Reviews

Peace For Mary Frances ***

By: Isa Goldberg

June 2, 2018:  In the final days of life, Mary Frances, (Lois Smith), gets to watch her children vie for her love, and the family inheritance. Set in the home where she raised her three children, the staging (scenic design by Dane Laffrey) feels very slice of life, a literal – or as close to literal – reflection of a family home as one could find. Peering through the fourth wall, we observe their behaviors, so dysfunctional that it makes our own look “normal” by comparison.

Natalie Gold, Lois Smith, Heather Burns

By: Isa Goldberg

June 2, 2018:  In the final days of life, Mary Frances, (Lois Smith), gets to watch her children vie for her love, and the family inheritance. Set in the home where she raised her three children, the staging (scenic design by Dane Laffrey) feels very slice of life, a literal – or as close to literal – reflection of a family home as one could find. Peering through the fourth wall, we observe their behaviors, so dysfunctional that it makes our own look “normal” by comparison.

To everyone’s discomfort, especially her own, Mary Frances takes a long time to die. In the world of modern medicine, such is fate. And Smith, such an endearing presence in films from East of Eden (1955) to last year’s Ladybird, feels completely natural in her discomfort, and her need for finality.

Sadly, the children, for all of their differences, are something of a one-note chorus. They’re out for themselves, and the biggest share of mom’s inheritance that they can grab. Consciously or not, mom enables them all by pitting one against the other.

Director Lila Neugebauer mines the emotional depth of these characters, and their relationships. Once again, J. Smith-Cameron (Alice) is a force of nature, her mere presence radiating a sense of truth, of being in the present. While Alice is manipulative, she is honest, and she’s a sibling, with whom we can easily identify.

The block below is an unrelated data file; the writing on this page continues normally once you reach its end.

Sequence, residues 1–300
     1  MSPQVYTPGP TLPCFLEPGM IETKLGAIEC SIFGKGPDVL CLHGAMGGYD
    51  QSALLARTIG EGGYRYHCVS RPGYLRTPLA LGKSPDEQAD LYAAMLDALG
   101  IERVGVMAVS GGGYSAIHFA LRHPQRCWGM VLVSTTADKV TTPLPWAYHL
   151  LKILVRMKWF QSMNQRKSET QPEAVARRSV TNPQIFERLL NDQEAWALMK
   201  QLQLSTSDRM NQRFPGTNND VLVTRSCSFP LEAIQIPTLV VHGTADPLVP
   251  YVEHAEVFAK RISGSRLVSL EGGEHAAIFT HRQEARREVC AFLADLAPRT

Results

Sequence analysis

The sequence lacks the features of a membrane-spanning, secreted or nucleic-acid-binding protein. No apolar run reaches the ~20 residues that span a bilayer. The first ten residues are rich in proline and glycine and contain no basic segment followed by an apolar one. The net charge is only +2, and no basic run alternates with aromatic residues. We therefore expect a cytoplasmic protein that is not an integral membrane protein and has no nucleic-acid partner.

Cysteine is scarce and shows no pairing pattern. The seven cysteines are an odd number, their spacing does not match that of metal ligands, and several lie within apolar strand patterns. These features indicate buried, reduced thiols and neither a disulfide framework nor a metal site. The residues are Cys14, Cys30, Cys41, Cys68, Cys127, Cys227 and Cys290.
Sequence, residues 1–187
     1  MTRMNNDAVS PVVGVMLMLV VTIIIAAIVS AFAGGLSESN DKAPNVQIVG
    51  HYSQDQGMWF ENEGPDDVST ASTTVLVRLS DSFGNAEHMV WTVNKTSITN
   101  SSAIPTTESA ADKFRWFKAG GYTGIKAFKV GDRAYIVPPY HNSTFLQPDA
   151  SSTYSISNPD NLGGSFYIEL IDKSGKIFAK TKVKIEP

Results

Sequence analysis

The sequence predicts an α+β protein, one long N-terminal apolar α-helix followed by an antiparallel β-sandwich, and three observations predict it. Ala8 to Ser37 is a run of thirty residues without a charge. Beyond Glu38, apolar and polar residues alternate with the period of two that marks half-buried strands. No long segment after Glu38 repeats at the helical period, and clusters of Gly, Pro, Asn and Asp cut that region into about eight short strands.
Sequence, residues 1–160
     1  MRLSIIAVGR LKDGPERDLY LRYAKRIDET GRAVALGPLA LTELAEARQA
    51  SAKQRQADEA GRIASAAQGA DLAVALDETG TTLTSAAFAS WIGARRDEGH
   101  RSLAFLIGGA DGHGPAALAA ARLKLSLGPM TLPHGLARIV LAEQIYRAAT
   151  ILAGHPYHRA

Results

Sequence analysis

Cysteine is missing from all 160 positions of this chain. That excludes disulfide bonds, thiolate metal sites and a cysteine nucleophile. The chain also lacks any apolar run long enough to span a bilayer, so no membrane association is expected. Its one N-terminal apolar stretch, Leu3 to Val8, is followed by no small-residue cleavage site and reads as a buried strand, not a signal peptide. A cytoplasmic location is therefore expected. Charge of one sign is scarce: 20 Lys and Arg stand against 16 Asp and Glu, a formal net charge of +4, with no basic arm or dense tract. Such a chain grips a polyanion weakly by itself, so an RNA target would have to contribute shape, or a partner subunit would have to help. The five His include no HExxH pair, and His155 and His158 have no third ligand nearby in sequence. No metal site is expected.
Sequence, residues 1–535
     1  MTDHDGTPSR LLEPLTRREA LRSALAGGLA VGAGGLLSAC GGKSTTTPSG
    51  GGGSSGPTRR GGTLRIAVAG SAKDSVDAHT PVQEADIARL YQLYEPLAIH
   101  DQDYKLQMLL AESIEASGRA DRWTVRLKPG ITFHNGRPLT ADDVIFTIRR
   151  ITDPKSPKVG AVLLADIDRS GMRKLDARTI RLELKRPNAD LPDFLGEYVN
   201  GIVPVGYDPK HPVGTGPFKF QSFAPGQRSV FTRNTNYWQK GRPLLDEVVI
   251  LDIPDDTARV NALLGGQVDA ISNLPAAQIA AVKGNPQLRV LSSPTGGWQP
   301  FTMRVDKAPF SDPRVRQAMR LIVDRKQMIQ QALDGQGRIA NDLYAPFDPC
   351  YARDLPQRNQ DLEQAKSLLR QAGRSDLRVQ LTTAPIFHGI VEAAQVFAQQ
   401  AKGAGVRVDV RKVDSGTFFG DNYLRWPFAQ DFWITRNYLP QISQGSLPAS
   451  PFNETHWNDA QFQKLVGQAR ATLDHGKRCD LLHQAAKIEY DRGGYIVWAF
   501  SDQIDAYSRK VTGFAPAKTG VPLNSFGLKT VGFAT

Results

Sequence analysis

As her crazy sister Fanny, Johanna Day plays a recovering addict who is also manipulative, in an unpredictable, and unsettling way. It’s the codependency between her mother and she, which fuels the family’s dysfunctionality. In addition, Paul Lazar as Eddie is a queer egg. Geeky looking, and self-observed, he’s a typically dissociated brother.

Fortunately, both Heather Burns, and Natalie Gold as Alice’s daughters, bring a bit of vitality to the situation. While the hospice workers, played by Mia Katigbak and Brian Miskell intervene, compassionately at times.

About the end of life, Lily Throne’s play is unsentimental. And death is relief.

Peace For Mary Frances ***
THE NEW GROUP AT THE PERSHING SQUARE SIGNATURE CENTER
The Alice Griffin Jewel Box Theatre
480 West 42nd Street
New York, NY 10036
212-279-4200
RUNNING TIME
2 hours 35 minutes including intermission
PERFORMANCE SCHEDULE
May 8 – June 17, 2018
Tuesday at 7:30pm
Wednesday at 7:30pm
Thursday at 7:30pm
Friday at 7:30pm
Saturday at 2pm and 8pm
Sunday at 2pm

Photography: Monique Carboni

Johanna Day, J Smith-Cameron, Heather Burns
Johanna Day, J Smith-Cameron, Heather Burns
Lois Smith, J Smith-Camero, Paul Lazar